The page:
Polarion’s customers have been able to take advantage of this qualification and its underlying functionality to quickly comply with the new standard. They are using out-of-box features including a custom work item type called “Risk,” as well as FMEA (Failure Mode and Effect Analysis) templates and pre-configured workflows that involve before and after Risk Priority Number (RPN) scoring based on user-defined values of Severity, Occurrence, and Detection. Additionally, Polarion has elevated risk analysis to a “first-class” citizen within the solution workflow.
This means that customers can easily achieve traceability starting from the granular risks identified in an FMEA, to mitigating requirements and subsystem designs, and from there outward to test cases that verify such requirements. From there, they can further trace those same risks through the results of the executed test cases, right to the source code used for implementing the corrective software components. Thanks to extensions such as the Polarion Connector for MATLAB® Simulink®, it’s even possible to achieve traceability all the way into model elements. This has allowed Polarion customers to become much more proactive in their risk assessment and functional safety practices, and much faster in being able to prove compliance.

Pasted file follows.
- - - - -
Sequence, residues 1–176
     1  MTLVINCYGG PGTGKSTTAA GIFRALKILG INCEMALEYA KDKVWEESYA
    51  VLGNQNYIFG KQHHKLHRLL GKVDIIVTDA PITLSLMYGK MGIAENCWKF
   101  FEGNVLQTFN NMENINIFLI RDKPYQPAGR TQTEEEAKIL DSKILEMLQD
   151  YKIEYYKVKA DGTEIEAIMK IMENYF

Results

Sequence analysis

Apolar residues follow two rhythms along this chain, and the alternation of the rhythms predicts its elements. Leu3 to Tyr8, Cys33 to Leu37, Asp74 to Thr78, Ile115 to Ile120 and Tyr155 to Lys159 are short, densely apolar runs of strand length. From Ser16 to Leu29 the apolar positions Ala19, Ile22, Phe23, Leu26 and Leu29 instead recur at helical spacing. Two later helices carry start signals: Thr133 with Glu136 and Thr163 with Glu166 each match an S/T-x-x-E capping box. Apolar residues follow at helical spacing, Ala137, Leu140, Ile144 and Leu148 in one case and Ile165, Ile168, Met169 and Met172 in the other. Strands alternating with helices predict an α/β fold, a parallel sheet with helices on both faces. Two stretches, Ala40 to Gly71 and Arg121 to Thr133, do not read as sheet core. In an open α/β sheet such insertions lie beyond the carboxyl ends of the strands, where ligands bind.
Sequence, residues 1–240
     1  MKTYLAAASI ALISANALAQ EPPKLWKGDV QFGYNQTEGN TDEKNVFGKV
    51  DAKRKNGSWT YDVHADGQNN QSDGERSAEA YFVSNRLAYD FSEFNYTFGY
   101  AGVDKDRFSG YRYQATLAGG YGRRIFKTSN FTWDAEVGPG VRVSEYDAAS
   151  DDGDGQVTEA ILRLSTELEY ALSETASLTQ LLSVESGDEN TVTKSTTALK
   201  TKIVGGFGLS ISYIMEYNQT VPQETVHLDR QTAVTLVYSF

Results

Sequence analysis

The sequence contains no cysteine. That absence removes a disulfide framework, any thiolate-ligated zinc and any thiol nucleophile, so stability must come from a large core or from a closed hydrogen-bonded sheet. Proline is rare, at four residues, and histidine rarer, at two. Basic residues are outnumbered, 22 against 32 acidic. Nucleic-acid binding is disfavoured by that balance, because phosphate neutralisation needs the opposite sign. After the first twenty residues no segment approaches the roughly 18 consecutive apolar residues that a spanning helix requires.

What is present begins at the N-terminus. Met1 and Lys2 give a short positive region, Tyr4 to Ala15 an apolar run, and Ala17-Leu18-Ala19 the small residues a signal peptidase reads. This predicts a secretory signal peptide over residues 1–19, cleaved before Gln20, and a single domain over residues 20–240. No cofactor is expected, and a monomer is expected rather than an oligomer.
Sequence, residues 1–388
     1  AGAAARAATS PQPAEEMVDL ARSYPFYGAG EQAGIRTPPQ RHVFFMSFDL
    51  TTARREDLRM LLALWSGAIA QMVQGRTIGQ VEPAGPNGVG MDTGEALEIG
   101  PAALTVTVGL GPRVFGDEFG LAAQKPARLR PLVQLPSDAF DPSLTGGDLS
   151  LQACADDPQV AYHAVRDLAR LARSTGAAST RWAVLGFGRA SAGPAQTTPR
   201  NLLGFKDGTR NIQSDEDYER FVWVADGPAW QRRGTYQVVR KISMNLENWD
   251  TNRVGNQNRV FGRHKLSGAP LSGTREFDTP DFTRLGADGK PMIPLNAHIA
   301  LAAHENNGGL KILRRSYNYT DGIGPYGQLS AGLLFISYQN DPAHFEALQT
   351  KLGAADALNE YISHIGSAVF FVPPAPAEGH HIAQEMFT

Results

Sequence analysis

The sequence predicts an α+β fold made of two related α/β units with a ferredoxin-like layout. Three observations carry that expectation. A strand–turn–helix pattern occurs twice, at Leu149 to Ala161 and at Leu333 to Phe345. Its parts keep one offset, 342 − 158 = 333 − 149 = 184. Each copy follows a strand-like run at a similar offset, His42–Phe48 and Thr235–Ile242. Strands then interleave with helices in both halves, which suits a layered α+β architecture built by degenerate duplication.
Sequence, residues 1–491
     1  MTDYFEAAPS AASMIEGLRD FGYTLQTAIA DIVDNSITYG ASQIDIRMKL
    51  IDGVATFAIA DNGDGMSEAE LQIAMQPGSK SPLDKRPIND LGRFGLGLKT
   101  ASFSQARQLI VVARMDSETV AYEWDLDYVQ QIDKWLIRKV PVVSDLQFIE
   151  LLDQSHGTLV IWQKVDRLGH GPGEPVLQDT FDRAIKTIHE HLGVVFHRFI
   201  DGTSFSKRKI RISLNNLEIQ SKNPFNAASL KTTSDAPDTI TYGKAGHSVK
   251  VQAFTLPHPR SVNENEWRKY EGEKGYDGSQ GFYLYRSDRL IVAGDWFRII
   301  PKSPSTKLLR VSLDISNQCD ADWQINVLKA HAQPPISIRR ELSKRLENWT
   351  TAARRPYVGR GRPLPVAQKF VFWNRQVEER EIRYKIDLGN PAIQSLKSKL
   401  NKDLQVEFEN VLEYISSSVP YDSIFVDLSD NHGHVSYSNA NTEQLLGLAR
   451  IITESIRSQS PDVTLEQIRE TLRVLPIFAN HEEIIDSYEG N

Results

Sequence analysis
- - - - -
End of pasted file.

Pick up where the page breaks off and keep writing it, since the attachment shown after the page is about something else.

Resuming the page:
Besides supporting the effective management of defects and risks, multi-directional traceability and change history tracking are essential for fast proof of compliance. Every artifact change in Polarion is tracked using the underlying configuration management system. The tool itself comes with Subversion, but can also be easily tied in with any of the other configuration applications such as GIT and Perforce.